Health experts have been witnessing an almost 15 per cent rise in the number of Chronic Obstructive Pulmonary Disease (COPD) or Asthma patients for the past 10 days as air quality started aggravating from moderate to poor to very poor in the national capital and nearby regions.
"We are seeing a rise in COPD / Asthma patients to the tune of 15 per cent over the last 10 days. The rise of the PM 2.5 level is clearly linked to increased problems with lung health. We have also seen a new diagnosis of Asthma and other pollution-related lung diseases being on the rise," said Dr Arunesh Kumar, Head, Respiratory Medicine (Pulmonology) at Paras Hospital.
With the winter approaching fast and estimations of the SARS-COV2 transmitting capacity getting increased in the cold weather, health experts have urged people to take extra precaution as respiratory diseases tend to worsen with a dip in temperature and rise in pollution level.
"Most of the chronic respiratory diseases like Asthma, COPD tend to get worse with lower temperature and rise in pollution. Patients see their symptoms like cough and breathlessness worsening with the start of winter. Key to this is the compliance of treatment and avoiding pollutants," the doctor added.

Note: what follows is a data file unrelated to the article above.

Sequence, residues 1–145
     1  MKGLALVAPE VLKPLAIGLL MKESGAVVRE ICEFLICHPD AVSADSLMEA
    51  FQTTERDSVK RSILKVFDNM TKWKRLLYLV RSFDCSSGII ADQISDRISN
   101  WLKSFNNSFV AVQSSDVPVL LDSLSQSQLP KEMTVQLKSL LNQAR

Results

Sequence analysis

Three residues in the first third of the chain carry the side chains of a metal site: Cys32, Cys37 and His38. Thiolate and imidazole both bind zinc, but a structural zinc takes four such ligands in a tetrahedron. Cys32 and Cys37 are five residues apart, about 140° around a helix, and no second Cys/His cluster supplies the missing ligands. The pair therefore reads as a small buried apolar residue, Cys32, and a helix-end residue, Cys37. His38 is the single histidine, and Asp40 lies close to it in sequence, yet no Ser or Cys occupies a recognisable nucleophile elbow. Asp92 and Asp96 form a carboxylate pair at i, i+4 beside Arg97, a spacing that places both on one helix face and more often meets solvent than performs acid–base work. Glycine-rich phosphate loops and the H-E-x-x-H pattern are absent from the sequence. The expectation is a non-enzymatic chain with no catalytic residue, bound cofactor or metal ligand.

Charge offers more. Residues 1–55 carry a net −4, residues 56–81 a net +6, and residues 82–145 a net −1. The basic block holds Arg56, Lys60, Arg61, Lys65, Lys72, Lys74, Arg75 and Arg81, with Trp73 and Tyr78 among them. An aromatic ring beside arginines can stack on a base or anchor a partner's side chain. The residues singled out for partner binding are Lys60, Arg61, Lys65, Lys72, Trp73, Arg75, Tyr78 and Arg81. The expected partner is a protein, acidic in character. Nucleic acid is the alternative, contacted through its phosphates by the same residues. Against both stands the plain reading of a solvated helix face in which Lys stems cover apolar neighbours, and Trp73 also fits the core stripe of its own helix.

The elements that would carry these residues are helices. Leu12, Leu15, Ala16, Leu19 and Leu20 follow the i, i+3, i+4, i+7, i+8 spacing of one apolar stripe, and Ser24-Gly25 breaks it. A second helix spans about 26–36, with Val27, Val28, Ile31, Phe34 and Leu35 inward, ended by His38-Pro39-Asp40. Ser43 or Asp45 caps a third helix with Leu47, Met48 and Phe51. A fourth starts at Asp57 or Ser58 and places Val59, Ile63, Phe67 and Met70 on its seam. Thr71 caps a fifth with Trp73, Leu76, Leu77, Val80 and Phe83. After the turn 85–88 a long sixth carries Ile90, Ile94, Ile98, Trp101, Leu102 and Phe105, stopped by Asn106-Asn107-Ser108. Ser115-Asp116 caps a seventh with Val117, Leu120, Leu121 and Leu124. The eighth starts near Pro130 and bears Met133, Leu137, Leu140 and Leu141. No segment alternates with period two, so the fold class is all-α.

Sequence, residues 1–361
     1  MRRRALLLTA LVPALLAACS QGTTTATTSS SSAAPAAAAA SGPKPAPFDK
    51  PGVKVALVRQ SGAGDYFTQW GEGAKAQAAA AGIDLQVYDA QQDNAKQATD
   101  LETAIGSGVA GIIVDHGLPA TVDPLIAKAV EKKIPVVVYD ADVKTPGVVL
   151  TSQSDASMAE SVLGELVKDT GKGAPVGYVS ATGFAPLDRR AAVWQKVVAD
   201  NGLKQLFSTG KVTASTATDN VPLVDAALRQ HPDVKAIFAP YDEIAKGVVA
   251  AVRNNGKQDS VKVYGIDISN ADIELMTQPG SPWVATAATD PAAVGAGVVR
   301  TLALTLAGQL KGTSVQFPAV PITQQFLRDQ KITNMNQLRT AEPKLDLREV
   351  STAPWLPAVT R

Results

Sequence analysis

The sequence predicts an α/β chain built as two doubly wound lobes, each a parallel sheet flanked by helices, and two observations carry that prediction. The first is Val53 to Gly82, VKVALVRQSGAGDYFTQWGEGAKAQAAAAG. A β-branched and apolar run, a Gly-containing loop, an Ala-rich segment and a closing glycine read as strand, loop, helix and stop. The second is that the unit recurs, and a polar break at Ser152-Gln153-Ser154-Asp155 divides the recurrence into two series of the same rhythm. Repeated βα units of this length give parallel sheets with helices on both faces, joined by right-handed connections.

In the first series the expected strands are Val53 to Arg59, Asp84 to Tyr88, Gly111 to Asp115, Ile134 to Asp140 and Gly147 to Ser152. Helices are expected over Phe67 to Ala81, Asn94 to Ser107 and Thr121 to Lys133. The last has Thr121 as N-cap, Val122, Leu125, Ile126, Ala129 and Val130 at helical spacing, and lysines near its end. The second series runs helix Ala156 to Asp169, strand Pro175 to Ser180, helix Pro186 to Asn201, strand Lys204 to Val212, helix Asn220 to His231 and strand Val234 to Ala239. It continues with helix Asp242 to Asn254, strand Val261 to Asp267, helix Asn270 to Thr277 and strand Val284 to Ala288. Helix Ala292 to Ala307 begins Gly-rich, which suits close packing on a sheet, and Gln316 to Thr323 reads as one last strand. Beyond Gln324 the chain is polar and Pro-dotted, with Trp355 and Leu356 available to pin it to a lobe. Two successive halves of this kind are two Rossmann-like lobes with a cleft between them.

Following the ongoing COVID-19 condition, experts are also trying every medium to make people aware of the necessity to mandatorily wear masks and stick to coronavirus appropriate behaviour.
Also, several measures have been adopted by government and pollution watchdogs such as banning the use of diesel generators, restricting industrial and local pollutants, deploying 50 teams for strict vigilance, among others in an effort to curtail the deterioration in air pollution index.
Dr Swapneil Parikh, an internist and clinical researcher said, "Patients with Asthma and COPD do experience exacerbations in winter. Changes in temperature and humidity contribute to seasonal infections. Further, air pollution is also a major threat." "During winters, the air temperature decreases causing a phenomenon called winter inversion where a dense layer of air traps pollutants lower in the atmosphere. This increases respiratory exposure to particulates and can worsen respiratory ailments," Parikh added.
Terming air pollution a major threat for respiratory illness, the doctor also said that "increase in the number of vehicles and other sources of emissions also contribute to it." According to the India Meteorological Department (IMD), if the impact of large scale parameter is to be considered there are weak La Nina conditions this year, however, the department has not issued any official forecast on winter as of yet.
During La Nina years usually, the temperature in the northern parts of the country can dip further south, leading to relatively colder winters.